One of my most remarkable experiences in Egypt was climbing Mt. Sinai by moonlight. We arrived at St. Catherine's Monastary in the late afternoon one July Fourth weekend. After dining in the monastary we retired to our rooms and tried to sleep. We arose at about one in the morning. After a hurried breakfast began our climb about two. A 3/4 moon had risen with us, and provided excellent illumination. The flashlights we carried we needed only for the deepest shadows. We managed to get in front of the hundered or so hikers there for the same purpose, and had the trail for the mostly to ourselves. The first half of the hike consisted of a pleasantly meandering trail, switching back and forth across the rocky hillside. Camels were available for hire for this first portion of our climb, and several in our group (not me!) took advantage of the luxury. Small huts manned by Bedouins every several thousand feet offered chocolate, hot tea and coffee. After almost two hours of climbing the path we had enjoyed so far intercepted the treacherous 7000 step staircase at it's midpoint. The staircase was constructed by a monk as pennance, for what I don't know but it must've been big! Here the camels and hospitality huts were left behind as the climb took a more vertical tilt. Our group was first to the top, and afforded us a chance to explore the summit where Moses received the Ten Commandments. (see following photos) By sunrise over a hundred pilgrims from all over the planet had gathered to watch the spectacle. The climb down from the summit, over 7000', to the Monastary, at about 3000', was made in daylight and in about the same time as the climb: just over 3 hours. The climb had been made in very pleasant, warm night air while, our descent took us deeper and deeper into the building morning heat. We all slept well on the bus back to Cairo, despite the bumps and the heat.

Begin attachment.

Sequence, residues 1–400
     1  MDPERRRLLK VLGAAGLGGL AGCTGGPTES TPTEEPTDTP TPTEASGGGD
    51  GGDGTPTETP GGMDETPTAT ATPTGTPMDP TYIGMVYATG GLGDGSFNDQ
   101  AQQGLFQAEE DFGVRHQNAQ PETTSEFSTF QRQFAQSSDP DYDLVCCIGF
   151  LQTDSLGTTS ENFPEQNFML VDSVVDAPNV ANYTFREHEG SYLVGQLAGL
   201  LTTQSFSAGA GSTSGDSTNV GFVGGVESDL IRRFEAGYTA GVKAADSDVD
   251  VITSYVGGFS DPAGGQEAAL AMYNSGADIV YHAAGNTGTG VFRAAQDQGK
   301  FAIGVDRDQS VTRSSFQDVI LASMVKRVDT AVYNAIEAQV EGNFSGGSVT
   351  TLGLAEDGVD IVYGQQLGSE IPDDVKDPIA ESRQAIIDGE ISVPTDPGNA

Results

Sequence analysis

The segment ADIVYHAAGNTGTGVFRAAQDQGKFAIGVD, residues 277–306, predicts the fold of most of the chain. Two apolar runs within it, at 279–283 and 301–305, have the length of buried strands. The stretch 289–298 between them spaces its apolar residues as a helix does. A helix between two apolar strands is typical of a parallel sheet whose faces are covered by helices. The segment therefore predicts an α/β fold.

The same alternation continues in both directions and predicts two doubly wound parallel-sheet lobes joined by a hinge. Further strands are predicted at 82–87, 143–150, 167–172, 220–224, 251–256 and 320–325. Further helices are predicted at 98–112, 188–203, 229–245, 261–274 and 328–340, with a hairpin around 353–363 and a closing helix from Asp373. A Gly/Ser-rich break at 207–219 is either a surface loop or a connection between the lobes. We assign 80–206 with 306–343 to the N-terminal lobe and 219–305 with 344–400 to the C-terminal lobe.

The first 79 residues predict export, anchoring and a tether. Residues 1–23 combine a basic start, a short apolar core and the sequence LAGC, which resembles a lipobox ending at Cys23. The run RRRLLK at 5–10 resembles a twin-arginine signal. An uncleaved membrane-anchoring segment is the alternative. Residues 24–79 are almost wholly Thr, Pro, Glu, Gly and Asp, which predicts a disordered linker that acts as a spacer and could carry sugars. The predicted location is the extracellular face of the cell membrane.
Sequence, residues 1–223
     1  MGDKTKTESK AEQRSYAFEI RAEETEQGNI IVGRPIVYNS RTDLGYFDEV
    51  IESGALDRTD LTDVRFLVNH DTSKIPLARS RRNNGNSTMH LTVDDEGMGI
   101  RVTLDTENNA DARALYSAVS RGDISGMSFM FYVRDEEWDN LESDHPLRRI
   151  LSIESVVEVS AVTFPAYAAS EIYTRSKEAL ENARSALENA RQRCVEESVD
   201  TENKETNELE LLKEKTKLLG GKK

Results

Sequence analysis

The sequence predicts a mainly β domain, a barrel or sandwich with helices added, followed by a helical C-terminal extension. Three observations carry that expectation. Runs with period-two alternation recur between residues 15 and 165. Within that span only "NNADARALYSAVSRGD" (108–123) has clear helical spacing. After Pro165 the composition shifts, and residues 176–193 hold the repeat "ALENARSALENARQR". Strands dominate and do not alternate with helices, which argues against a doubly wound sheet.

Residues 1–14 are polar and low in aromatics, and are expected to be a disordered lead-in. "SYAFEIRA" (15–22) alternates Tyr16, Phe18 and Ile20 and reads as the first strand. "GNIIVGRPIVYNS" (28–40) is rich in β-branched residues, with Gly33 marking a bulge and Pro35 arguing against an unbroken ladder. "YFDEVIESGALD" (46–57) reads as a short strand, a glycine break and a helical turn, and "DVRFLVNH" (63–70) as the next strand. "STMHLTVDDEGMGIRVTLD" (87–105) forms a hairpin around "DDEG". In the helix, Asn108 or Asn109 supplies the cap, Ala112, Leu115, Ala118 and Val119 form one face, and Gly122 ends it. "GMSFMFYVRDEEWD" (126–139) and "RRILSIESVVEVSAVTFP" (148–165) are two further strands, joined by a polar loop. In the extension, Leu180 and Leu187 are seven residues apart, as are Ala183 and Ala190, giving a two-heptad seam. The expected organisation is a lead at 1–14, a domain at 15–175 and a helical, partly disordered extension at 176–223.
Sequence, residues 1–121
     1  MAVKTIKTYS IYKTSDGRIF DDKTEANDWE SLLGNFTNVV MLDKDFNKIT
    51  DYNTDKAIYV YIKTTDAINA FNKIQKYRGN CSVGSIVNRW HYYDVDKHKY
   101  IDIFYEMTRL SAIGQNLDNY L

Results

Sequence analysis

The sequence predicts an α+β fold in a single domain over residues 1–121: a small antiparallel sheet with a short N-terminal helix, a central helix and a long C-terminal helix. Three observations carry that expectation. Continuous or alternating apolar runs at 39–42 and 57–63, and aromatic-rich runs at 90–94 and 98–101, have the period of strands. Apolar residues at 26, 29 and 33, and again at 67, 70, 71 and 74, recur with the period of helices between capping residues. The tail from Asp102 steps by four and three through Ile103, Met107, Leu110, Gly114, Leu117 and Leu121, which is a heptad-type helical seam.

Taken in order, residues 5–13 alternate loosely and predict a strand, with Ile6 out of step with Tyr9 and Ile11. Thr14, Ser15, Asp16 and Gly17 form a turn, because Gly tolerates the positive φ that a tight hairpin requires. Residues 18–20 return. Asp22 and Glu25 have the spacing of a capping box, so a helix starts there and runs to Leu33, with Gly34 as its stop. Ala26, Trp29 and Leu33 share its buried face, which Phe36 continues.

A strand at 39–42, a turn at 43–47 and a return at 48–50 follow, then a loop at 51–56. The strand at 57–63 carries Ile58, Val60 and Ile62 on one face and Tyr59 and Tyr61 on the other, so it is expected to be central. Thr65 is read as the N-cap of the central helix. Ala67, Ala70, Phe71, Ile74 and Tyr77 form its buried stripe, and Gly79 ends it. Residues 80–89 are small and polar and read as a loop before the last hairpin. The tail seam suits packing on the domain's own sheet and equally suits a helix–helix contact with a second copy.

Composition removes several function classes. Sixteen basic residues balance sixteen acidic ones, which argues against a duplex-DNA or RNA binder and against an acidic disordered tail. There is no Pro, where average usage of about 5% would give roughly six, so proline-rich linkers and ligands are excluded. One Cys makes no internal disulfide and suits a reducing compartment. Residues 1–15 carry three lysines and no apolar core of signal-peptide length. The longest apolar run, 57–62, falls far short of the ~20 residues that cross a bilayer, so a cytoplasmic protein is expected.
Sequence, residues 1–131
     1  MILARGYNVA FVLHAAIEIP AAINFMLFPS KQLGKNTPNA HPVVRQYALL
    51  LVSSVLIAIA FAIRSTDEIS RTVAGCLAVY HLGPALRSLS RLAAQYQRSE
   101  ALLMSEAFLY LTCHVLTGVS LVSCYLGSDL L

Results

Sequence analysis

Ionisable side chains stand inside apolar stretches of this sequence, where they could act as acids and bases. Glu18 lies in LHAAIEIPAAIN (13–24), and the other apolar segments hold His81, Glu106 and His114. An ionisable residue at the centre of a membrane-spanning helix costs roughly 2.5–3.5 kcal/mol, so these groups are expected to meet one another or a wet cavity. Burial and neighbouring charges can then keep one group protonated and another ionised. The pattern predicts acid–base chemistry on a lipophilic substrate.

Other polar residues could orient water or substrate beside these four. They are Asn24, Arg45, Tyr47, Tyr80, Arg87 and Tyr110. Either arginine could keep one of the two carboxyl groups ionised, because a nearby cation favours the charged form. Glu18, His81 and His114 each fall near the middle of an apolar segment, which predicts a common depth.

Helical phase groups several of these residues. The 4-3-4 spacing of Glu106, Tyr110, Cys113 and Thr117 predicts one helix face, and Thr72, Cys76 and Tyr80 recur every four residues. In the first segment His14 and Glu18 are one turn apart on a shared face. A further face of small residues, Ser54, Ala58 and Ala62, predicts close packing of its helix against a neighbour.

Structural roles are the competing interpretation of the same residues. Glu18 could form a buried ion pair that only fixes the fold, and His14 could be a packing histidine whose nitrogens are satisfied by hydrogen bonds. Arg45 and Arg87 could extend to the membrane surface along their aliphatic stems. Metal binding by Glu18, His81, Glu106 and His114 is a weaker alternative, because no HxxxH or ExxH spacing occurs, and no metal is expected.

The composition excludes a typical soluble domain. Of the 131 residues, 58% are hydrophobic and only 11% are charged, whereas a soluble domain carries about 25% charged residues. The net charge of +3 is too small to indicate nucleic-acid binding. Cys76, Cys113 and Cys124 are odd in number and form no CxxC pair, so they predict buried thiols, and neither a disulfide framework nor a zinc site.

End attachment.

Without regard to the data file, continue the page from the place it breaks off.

Copyright © 2002, Ian A. Duncan
Revised - - 11/21/2002